National Public Safety Telecommunicators week celebrated

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SOUTHEAST KANSAS — This week is National Public Safety Telecommunicators week.

A time of year where we celebrate the efforts of 911 dispatchers across the country. Even more important this year for dispatchers in Kansas.

Despite being the first to being on the frontline of emergencies, nationally 911 dispatchers aren’t recognized as first responders. This year it’s different, thanks to the efforts of people all over Kansas, including some from Labette County.

Marti Shields, Parsons Police Department Communications Director, said, “It’s been a big step for us that needed to happen a long time ago.”

National Public Safety Telecommunicators Week is a little more special this year for the state of Kansas. Across the majority of the country, 911 dispatchers are recognized as clerical workers. But in Kansas, that will change thanks to House Bill 2435.

Brandy Grassl, Labette County Emergency Management Coordinator, said, “Which showed telecommunicators to be recognized as first responders, but it ended up being a part of the Emergency Management Bill.”

The conversation had gone on for years, with some dispatchers suffering from PTSD.

“There’s a lot of calls that our dispatchers take that are very, we may not be there on scene, but it does stick with us mentally all the time,” said Shields.

When the emergency management act was approved, it brought benefits and a platform to those dispatchers.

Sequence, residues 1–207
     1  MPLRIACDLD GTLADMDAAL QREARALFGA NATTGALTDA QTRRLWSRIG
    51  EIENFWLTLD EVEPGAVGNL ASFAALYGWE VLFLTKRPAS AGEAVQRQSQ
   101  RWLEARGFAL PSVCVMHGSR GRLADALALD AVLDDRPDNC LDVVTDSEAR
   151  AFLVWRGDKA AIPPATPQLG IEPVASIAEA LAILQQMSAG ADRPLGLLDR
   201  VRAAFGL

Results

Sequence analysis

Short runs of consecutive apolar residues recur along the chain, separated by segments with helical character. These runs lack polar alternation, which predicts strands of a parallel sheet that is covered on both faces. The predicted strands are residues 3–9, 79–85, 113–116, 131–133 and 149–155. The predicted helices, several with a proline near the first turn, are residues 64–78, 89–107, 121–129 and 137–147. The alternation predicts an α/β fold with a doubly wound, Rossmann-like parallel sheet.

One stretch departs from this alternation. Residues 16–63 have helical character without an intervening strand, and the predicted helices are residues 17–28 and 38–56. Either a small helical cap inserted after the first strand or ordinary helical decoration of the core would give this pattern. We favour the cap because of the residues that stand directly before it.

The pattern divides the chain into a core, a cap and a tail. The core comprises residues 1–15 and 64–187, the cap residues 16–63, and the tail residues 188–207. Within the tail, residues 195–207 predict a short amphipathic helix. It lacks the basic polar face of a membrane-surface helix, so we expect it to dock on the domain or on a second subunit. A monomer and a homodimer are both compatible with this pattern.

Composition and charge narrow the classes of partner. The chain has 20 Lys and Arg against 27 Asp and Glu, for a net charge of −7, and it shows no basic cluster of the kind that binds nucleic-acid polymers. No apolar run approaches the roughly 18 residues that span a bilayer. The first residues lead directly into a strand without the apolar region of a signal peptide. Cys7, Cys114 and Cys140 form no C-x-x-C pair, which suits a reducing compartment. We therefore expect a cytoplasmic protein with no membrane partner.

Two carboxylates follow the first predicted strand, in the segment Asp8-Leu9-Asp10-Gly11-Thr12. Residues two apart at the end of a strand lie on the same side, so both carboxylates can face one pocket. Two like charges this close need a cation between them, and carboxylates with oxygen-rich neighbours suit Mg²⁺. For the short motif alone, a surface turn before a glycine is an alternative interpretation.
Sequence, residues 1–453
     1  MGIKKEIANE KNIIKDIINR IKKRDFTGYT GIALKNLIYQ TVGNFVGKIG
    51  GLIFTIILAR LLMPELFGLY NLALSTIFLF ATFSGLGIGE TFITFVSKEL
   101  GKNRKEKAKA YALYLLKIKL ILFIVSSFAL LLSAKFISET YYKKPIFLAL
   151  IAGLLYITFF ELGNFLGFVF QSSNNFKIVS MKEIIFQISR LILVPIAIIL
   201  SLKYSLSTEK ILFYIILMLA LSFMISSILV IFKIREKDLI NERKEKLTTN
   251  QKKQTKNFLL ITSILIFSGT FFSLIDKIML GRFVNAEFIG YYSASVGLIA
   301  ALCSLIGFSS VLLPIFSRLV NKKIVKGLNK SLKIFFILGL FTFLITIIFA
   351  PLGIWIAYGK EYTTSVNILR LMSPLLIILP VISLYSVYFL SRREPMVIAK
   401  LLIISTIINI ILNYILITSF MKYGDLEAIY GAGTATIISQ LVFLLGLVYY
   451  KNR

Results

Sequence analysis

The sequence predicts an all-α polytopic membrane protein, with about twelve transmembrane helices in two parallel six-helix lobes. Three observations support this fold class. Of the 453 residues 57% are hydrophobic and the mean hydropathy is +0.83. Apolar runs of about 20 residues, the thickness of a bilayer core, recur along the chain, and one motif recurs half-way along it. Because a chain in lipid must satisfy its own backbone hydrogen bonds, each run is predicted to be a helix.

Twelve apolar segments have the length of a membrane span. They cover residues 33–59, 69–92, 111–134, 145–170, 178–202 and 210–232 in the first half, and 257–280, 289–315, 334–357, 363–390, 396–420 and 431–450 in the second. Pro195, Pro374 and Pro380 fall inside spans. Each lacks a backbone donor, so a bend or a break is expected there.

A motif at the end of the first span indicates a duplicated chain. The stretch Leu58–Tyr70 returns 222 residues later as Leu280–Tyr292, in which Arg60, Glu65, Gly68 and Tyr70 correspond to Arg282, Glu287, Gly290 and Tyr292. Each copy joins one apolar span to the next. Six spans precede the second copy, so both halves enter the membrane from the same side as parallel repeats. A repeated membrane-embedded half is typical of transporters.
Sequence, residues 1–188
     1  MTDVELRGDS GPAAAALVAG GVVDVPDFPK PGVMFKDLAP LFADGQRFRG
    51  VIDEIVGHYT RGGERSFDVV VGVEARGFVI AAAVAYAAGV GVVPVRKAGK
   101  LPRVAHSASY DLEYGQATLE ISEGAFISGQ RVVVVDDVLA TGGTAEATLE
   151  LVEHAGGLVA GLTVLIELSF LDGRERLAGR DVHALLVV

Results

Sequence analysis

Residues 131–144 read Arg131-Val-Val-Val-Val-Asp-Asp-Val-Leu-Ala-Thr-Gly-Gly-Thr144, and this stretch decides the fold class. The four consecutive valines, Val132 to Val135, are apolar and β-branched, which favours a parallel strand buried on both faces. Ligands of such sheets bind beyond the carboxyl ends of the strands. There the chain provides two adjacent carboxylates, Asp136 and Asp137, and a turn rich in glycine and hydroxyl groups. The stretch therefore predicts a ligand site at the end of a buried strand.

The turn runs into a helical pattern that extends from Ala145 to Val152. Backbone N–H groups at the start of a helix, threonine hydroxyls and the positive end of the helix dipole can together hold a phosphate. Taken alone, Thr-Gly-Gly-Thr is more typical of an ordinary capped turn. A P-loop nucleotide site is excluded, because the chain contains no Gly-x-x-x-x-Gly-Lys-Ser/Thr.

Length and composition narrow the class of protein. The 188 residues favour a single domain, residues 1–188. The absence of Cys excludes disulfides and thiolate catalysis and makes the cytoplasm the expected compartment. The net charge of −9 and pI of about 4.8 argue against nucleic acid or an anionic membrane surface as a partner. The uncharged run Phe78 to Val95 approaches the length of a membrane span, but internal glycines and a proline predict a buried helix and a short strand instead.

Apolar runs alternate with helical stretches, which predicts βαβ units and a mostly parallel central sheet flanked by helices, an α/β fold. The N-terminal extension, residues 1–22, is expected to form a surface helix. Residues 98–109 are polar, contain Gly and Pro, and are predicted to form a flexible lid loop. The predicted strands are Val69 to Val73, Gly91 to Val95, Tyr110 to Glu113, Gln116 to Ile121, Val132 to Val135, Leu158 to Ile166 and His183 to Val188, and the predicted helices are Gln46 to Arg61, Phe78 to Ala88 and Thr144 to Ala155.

“It makes us eligible for the exact same benefits that law enforcement and fire when it comes to vaccines or PPE or those other things that are brought up that at first no body knew if 911 dispatchers should or shouldn’t be included because it wasn’t in statute,” said Grassl.

And for those like the Parsons Police Department, as calls continue to grow, this platform was needed more than ever.

“Our call volume has gone way up, way up. Usually there’s one dispatcher at a time and then Monday through Friday, or if I need to fill in, I can go in and help dispatch,” said Sheilds.

Benefitting those on the forefront of emergencies.

“We’re the first responder to the first responder. We’re kind of the sometimes unrecognized heroes between the radio and the phone.”

Kansas joins five other states in classifying their dispatchers as first responders. This includes Texas, California, West Virginia, Iowa, and Indiana. At the national level, the 911 Saves Act Hopes to do the same and make dispatchers first responders.

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